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Pensions cast shadow in Greater Latrobe

Greater Latrobe School Board candidates

Kathryn Elder

Age: 75

Political party: Democrat

Education: Bachelor of arts degree in political science, Chatham University

Occupation: Homemaker

Family: Husband, John; three children

Rhonda Laughlin

Age: 46

Political party: Democrat

Education: Bachelor of science degree in psychology, University of South Carolina; doctorate and bachelor of science degree, Pennsylvania College of Optometry

Occupation: Optometrist and owner of Eye Center, Hempfield

Family: Husband, Perry Christopher; three daughters

Conrad Lazor

Age: 72

Political party: Democrat

Education: Bachelor of science degree in education, California University of Pennsylvania

Occupation: Retired furniture store owner

Family: Two children

Bill Mohler

Age: 70

Political party: Democrat

Education: Bachelor's degree in business, University of Notre Dame

Occupation: Former president of Sendell Motors, Hempfield

Family: Wife, Roseann; three children

William Palmer Jr.

Age: 56

Political party: Republican

Education: Taylor Allderdice High School

Occupation: Partner in North Huntingdon construction company

Family: Wife, Vicki; three children

Friday, Oct. 25, 2013, 12:01 a.m.
 

Three incumbents, one former board member and one newcomer will battle for four seats on the Greater Latrobe School Board in the Nov. 5 general election.

Two of the incumbents — William A. Palmer and Rhonda Laughlin — won on both the Democratic and Republican ballots in the May primary, as did Bill Mohler, who is running for public office for the first time. Former school director Conrad Lazor won on the Democratic ballot, while incumbent Kathryn Elder won only on the Republican ballot.

David Moffa is the only board member whose term expires this year and is not running for another term. Moffa was appointed to the board in 2011.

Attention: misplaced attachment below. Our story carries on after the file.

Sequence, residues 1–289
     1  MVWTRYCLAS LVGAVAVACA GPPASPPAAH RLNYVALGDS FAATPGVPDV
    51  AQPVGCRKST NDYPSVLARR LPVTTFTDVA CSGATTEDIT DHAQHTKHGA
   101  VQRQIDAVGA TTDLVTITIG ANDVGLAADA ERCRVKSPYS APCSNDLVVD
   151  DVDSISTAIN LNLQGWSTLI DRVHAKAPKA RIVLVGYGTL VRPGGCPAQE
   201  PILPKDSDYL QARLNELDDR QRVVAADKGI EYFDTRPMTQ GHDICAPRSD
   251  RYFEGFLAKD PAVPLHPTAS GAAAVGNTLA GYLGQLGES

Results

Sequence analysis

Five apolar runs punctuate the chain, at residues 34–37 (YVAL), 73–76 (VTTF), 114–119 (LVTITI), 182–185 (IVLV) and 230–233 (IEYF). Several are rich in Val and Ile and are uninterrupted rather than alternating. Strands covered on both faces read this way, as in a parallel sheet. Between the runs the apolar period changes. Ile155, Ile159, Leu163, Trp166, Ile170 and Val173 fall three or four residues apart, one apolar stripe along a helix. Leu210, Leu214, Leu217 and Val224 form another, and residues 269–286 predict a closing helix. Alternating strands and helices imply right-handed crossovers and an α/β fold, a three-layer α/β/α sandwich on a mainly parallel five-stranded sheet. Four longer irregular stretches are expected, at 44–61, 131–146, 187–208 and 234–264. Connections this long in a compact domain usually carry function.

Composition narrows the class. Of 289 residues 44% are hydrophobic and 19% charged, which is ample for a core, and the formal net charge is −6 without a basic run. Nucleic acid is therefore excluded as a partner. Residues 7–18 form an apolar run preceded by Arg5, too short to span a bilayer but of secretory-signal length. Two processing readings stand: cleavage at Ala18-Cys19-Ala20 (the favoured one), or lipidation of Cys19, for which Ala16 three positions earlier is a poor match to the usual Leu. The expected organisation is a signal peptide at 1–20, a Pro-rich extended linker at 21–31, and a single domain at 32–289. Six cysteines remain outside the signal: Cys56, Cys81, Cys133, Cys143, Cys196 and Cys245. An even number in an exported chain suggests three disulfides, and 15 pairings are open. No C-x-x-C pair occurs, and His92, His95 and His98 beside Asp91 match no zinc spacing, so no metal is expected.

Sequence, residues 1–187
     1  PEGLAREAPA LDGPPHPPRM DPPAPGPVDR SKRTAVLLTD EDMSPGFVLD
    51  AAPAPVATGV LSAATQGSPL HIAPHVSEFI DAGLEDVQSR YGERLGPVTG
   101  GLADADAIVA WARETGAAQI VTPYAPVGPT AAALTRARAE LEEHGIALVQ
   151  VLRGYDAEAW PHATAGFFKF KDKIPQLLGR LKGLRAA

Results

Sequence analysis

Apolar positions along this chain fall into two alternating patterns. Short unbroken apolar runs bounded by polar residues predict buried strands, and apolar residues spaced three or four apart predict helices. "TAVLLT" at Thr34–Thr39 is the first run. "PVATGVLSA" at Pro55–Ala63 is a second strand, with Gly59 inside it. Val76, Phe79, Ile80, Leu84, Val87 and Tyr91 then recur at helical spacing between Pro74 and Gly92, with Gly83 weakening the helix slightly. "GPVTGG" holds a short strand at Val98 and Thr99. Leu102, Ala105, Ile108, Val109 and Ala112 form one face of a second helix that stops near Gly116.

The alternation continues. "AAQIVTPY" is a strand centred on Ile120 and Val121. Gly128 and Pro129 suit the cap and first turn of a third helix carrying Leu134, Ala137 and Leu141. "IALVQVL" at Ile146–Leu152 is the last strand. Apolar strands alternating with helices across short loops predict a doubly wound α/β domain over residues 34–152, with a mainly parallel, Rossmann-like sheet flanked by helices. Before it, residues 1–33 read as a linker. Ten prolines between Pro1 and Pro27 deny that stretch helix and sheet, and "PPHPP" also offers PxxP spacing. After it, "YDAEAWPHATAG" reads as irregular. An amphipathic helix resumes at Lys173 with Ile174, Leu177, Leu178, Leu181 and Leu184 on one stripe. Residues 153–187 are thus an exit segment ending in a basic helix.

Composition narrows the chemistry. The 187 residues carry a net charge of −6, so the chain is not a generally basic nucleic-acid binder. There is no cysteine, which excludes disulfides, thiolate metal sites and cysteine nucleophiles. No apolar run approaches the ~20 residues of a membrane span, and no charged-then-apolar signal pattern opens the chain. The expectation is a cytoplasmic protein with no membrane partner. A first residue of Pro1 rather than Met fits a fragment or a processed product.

All of the candidates are registered Democrats except Palmer.

As the controversy over the school board's decision in 2012 to spend about $9.5 million to build a multi-purpose athletic complex has died down, candidates discussed the challenges facing Greater Latrobe and all school districts to maintain a quality educational program. Greater Latrobe, like other school districts, must make payments to the underfunded Public School Employees Retirement System.

Elder, who is seeking her eighth term on the board, said she wants to focus on student academic progress. It is important for the board to aid the administration and teachers in helping educate students. The school district, she noted, has white boards in all of the classrooms in the junior high school.

“I think the teachers are using all the tools to help the students,” Elder said.

The district wants to continue upgrades at the junior high school, improving the hallways, the entrance and the floors, she said.

“Taxpayers need to be aware that the budget problem we are facing is not of our own making,” said Elder, referring to the state's problem with the underfunded retirement system.

Lazor, the top Democratic vote-getter in the primary, served on the board from 1987 to 1995 and 2003 to 2011, then lost a bid for re-election.

Lazor said he views serving on the board as a community service and wants to “keep the education standards high and the taxes low.”

“I have no hidden agendas. I just want to keep it positive,” Lazor said.

Mohler said he is running to offer a new perspective on the school board.

“It's time to change out some of the people on the board and approach things from a new direction,” Mohler said.

He pointed out that the school board did not get the community behind the decision to spend money on the multi-sport athletic complex and questioned whether the district can afford the long-term cost of maintaining the complex.

“I don't think it is the right thing. They didn't get the community to buy into it before doing it,” Mohler said.

Palmer said he would like to continue focusing on how the school district will respond to “the whole PSERS (Public School Employees' Retirement System) mess.” The school district must set aside money in its budget to pay for its contribution to the pension system.

“They've made that bed,” Palmer said, referring to the state, “and they're making us lay in it.”

Palmer said he would like to focus on continuing to increase enrollment in Greater Latrobe's eCat Online Academy, the cyber education program that gives students the flexibility of taking online classes full-time or part-time. By decreasing enrollment in outside online schools, the districts keeps more of its education subsidies from the state.

“We're giving a heck of a product to taxpayers,” Palmer said.

Laughlin, a board member for 11 years, did not respond to requests for comment.

Joe Napsha is a staff writer for Trib Total Media. He can be reached at 724-836-5252 or jnapsha@tribweb.com.

 

 
 


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